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There are at least three methods -- Zend\Di, ConfigAwareInterface, and ControllerFactory -- I've considered for injecting configuration into controllers.

The more or less official recommendation is the ControllerFactory, which leads to this code (or this code if you prefer closures -- I don't, as they're harder to test):

// module.config.php
'controllers' => array (
    'factories' => array (
        'Module\Concept\Index' => 'Concept\ControllerFactory\IndexControllerFactory',
    ),
),
'some_config_key' => array (
    'x' => 'foo'
),

// src/Concept/ControllerFactory/IndexControllerFactory.php
class IndexControllerFactory implements FactoryInterface {
    public function createService(ServiceLocatorInterface $serviceLocator) {
        $config = $serviceLocator->getServiceLocator()->get('config');
        $controller = new \Html\Controller\IndexController($config['some_config_key']);
        return $controller;
    }
}

// src/Concept/Controller/IndexController.php
class IndexController {
    public function __construct($config) {
        // here we go, yay!  we have $config['x'] == 'foo'
    }
}

If each action needs different configuration (eg, one might need DB, another might need paypal), it doesn't seem proper to pass all controller configuration when only some of it is needed for the action.

So, should the knowledge of which configuration is needed for which action go into the factory or into the controller? That is, should the factory give the controller only what it needs based on the action at hand, or should the controller be given all its configuration and internally figure it out?

Update
Action-specific dependencies are just that: specific. The controller declares what it needs then uses that in whatever ways are necessary. That two actions have radically different needs suggests that perhaps the controller has too broad a scope, and may be a candidate for separation.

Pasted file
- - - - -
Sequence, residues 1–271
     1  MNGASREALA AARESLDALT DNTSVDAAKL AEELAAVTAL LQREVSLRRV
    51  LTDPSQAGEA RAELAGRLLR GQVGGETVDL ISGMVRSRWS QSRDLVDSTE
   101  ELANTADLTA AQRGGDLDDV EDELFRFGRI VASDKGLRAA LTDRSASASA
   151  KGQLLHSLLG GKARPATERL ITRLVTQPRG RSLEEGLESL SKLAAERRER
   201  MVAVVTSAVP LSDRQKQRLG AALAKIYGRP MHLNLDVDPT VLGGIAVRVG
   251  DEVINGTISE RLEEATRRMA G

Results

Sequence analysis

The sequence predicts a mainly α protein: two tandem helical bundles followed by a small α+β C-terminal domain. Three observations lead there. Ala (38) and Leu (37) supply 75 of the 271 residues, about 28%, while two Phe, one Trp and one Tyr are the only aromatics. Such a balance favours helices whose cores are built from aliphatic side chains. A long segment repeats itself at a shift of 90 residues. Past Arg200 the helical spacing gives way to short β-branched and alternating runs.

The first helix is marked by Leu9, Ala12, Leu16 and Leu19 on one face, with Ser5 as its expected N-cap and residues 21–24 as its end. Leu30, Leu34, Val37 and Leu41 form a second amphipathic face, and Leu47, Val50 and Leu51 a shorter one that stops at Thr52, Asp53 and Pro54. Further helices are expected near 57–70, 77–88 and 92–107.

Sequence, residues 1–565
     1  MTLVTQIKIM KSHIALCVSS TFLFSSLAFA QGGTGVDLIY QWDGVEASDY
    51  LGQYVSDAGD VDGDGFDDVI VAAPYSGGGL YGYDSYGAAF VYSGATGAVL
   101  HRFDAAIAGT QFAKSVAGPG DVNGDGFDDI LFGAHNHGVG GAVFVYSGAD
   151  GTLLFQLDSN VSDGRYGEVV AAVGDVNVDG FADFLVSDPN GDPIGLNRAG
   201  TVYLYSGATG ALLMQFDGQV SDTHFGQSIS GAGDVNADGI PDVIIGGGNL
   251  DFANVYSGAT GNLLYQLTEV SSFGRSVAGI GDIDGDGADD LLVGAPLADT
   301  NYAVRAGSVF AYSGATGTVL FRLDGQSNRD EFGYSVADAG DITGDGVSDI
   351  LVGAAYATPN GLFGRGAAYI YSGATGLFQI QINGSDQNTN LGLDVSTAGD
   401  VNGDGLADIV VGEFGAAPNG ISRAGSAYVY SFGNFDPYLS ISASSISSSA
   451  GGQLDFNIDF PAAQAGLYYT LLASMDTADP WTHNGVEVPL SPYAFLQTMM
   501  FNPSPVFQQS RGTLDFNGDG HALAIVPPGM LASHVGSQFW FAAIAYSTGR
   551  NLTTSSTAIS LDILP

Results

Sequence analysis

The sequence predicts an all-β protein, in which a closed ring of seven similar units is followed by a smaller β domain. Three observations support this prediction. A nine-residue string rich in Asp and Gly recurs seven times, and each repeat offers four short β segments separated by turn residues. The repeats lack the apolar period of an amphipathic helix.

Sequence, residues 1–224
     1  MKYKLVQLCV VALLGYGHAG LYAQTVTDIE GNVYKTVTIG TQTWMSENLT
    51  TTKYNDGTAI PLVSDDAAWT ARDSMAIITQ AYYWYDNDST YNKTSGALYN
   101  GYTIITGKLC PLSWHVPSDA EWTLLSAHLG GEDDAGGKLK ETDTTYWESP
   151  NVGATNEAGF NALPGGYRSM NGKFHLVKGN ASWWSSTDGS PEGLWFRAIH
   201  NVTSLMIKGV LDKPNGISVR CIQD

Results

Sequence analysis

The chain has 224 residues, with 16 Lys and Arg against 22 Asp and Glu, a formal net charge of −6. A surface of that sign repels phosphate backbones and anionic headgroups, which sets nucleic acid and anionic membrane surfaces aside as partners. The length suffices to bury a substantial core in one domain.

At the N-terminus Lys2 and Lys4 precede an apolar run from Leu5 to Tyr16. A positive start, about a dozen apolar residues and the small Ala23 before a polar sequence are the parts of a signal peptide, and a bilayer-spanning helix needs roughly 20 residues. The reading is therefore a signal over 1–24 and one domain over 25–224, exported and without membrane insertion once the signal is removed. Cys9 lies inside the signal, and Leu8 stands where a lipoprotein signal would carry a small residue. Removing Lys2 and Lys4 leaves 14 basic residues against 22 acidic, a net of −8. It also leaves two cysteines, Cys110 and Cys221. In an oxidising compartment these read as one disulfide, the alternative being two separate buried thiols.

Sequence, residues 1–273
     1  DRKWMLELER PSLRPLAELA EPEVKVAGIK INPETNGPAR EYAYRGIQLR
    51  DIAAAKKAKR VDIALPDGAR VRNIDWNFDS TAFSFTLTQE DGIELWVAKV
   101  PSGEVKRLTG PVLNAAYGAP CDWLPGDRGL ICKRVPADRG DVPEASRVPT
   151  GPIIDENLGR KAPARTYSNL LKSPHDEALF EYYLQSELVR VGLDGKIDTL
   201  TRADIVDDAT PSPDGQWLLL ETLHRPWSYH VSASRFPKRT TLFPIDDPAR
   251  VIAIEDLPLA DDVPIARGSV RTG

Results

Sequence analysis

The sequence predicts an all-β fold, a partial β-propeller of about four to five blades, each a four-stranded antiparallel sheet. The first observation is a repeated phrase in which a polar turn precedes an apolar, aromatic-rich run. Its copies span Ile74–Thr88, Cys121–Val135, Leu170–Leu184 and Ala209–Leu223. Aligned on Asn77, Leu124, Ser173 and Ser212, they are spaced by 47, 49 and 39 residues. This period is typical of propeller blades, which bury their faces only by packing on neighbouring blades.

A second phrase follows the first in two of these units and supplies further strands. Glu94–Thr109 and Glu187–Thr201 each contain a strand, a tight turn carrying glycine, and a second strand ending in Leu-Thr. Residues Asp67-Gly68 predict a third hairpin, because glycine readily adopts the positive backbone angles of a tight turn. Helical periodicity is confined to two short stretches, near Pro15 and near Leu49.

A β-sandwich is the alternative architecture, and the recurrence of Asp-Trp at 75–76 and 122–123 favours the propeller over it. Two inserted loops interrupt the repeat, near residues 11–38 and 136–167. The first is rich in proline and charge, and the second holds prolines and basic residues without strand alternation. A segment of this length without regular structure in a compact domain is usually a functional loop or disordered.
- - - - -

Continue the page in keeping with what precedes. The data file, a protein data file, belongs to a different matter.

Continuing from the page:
But regardless, the best way -- the way that was clear, robust, and apparently in line with future direction of ZF -- is to manufacture the needed services in a service factory, then manufacture a controller with the requisite services.

Two factories: service and controller. The controller declares its __construct contract with the services it must have, then the factories manufacture those as needed from the module config.

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1 Answer

up vote 1 down vote accepted

This question is mostly opinion-based, so you can get many diferent answers.

The two approaches are good, since:

  • As you know, what we see a lot in ZF2 is the service manager all around, with all the merged configuration running around all the application. So even if this were not the best approach, it is widely used.
  • If we have in mind the dependency inversion principle (that we have, indeed) and also the high cohesion and low coupling principles, that tell us that the isolation is good, that all the components does not have to know two much about the others, and that everything inside a module should be strongly related, we can think that having all the merged config in every controller, and even let a controller know what key in the associative merged configuration array contains its configuration, probably is not the best thing, and probably what a module should receive is its configuration, no matter if its comes from a bigger array, from a factory, from hell, or from somewhere else, since, in fact, it doesn't need to know that, and that doesn't matter.

So probably the best approach is to inject only the configuration that it is expecting. Actually, that is what we use to do when creating a ViewHelper, where ususally we dont inject everything but only what we need.

This could be confusing, since sometimes you could need some other general config also, and not only the config purely related to the module, and in that cases you will have to think about it. But in most cases, the more elegant solution probably will be to inject just what you need.

As a further and important argument, i read in sam minds blog that

...there are still a couple of things that are just not ideal. A little example would be that a lot of people use $this->getServiceLocator() inside their Controllers. While this is OK, it’s actually considered bad practice. The way things are looking right now, this feature will be removed in Zend Framework 3 (ZF3) to basically force people to use proper dependency injection using the ServiceManager.

so we can think is that the proper approach is to bring the dependency injection as far as we can and let every component know as little as we can.

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"probably the best approach is to inject only the configuration that it is expecting". Agreed. Updated my question with the path I've chosen (controller and service factories). –  bishop Mar 3 at 16:37
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